Please don't travel until it's safe again! Right now, any travel guides are meant for future planning. Also, there is a good chance this post contains affiliate links. By booking through these links I earn a small commission which allows me to keep the site up to date and expand on the resources.
Last Updated on by
I hadn’t planned to visit the Rio Dulce area in Guatemala but I ended up having to stop there on my way between visiting Semuc Champey and learning to dive in Utila, Honduras. I’m so glad it worked out like this, otherwise I would have missed the beauty of the Rio Dulce area.
This post will go over how to get to Rio Dulce, where to stay, and the best things to do in the area.
Getting to Rio Dulce
Busses run to Rio Dulce from other towns in Guatemala. I took the bus from Laquin (Semuc Champey) which takes about 6 hours to the small town of Rio Dulce. There are accommodation options both in town and on the river. I recommend staying on the river, as the nature is just beautiful there. If you are staying on the river you will have to get a boat from town which is just a couple of dollars.
Hostels in Rio Dulce
I decided to book at Dreamcatcher Eco Lodge which at the time was a new hostel. I’m always hesitant to book accommodation with limited reviews but I’m so glad I did. As soon as the boat turned in towards the lodge I knew I had made the right choice. Dreamcatchers is set right on the river in the midst of a howler monkey preserve, it is a gorgeous area. The owner and staff are so kind and will make you feel welcome and relaxed there right away.
The lodge is also a restaurant and the food is incredible. Although a bit pricey on a backpackers budget in Guatemala, it is worth the price. I got this delicious dish below for $90 Quetzales/$12 USD. The fish was caught and brought there live that day, so fresh and tasty.
It’s funny how fast your perspective can change when traveling. At first I was horrified by that price, as I had been getting by on less then that for all my meals in Guatemala in per day. But in reality, it’s still only $15 CAD. You would be hard pressed to find a meal that good for that price in Toronto. Plus, the portions are massive so they keep you full for a long time. Sometimes you just need to treat yo’self.
I loved my stay at Dreamcatchers Eco Lodge. There weren’t many other people there while I was staying, so I had a 4 bed dorm room to myself. The also offer private rooms. A cool option that they have is a ‘flying tent’, which is a tent suspended in the air between trees. The hostel is next to a howler monkey preserve, so you will likely spot these little guys on a stay there!
Best things to do in the Rio Dulce, Guatemala
My original plan was to just spend a night in Rio Dulce and continue my journey to Honduras the next morning. However, the next bus wasn’t leaving until the day after, which was truly serendipitous as I got an extra day to explore the gorgeous Rio Dulce area.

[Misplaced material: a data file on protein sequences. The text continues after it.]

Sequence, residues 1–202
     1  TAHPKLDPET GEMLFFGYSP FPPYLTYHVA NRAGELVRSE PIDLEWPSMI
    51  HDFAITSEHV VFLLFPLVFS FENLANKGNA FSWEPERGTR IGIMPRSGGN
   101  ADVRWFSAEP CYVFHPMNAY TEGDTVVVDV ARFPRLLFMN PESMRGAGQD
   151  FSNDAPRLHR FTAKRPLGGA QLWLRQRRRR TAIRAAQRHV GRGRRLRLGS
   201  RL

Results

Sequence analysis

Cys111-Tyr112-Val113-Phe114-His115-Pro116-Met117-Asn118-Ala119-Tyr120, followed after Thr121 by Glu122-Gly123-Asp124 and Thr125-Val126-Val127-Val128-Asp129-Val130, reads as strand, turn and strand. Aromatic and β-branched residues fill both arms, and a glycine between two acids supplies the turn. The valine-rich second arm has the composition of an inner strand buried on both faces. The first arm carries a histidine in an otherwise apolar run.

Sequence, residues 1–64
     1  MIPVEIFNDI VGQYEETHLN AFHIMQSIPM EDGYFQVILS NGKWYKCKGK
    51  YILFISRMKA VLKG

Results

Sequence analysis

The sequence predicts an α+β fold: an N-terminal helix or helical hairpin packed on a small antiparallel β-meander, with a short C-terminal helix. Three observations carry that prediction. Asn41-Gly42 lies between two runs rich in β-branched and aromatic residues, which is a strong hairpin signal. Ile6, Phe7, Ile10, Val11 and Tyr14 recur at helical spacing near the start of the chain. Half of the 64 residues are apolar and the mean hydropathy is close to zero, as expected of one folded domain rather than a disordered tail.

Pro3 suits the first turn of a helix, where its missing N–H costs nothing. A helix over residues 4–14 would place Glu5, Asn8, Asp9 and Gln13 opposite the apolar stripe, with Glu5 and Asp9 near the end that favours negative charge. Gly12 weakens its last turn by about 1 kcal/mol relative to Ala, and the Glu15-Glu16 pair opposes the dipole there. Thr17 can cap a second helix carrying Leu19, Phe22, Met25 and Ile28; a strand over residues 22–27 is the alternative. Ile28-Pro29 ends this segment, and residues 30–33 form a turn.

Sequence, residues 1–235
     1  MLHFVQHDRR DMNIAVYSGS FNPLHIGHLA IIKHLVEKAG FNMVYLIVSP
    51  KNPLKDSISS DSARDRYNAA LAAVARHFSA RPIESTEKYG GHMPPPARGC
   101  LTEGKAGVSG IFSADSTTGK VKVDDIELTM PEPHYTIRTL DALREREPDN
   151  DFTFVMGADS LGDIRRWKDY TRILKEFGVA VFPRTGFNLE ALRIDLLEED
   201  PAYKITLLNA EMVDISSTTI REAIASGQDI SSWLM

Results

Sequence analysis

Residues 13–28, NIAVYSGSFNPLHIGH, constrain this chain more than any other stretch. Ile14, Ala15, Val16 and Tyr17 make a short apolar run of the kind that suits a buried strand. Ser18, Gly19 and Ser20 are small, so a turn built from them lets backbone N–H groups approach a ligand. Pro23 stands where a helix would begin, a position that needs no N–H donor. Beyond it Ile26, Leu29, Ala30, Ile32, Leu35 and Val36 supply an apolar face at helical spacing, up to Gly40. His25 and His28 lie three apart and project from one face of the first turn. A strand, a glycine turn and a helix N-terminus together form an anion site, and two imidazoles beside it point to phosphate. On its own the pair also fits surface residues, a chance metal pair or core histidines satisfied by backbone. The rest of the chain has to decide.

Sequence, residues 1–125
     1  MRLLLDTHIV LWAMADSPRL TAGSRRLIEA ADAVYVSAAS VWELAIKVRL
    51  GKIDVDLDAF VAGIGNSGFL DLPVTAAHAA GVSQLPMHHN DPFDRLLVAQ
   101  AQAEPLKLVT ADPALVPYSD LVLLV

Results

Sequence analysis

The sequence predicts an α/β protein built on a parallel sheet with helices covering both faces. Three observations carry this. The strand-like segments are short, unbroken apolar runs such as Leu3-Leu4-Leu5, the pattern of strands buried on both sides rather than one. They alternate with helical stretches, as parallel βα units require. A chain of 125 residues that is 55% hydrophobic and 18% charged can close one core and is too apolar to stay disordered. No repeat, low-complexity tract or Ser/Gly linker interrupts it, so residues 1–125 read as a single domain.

El Boqueron Canyon
First stop we made was to El Boqueron Cayon, about a 15 min drive from Rio Dulce town. You can either get a local bus or hire a taxi. Once at the canyon, you can pay 15 Quetzales/$2 for a tour in a small boat down the canyon. The views are stunning, and it’s so peaceful to float down as you hear the sounds of nature around you.
Afterward the canyon, we took another bus to Finca Paraiso. These are honestly some of the best natural hot springs I’ve even been too. You have to pay 15 Quetzales/$2 USD to a man there to go in, but in return they will watch your bags while you swim. When you first get in, the water is cool, but as you make your way to the waterfall it becomes to warm up. The hot water is actually coming down from the waterfall. There was only a couple of other people there so we almost had the entire springs to ourselves. It was magical.
Castillo San Felipe de Lara
Back towards the main town of Rio Dulce, you can visit Castillo San Felipe de Lara. This was a Spanish colonial fort used for several centuries. During that time, it was destroyed by pirates!Given that fact it’s more like a ruin then a castle, but is an interesting piece of history to see. There is also a beach you can hang out on/swim in on next to the castle.
Getting around Rio Dulce
We got to all these spots by taking local transport from Rio Dulce town. There was an option to do a tour from the hostel, but we did it ourselves for about half the price. Granted it was helpful to have a native Spanish speaker with me, but you mainly just need to know the name of the place you’re going and then ask around for the bus that’s going there. People will point you in the right direction.
Rio Dulce, which translates to ‘sweet river’, was indeed a sweet surprise for me. Many backpackers skip the Rio Dulce area but I am so glad I had the extra day to explore here. It’s a great addition to any Guatemala itinerary, especially if you are headed to Honduras afterwards, since Rio Dulce is close to the border.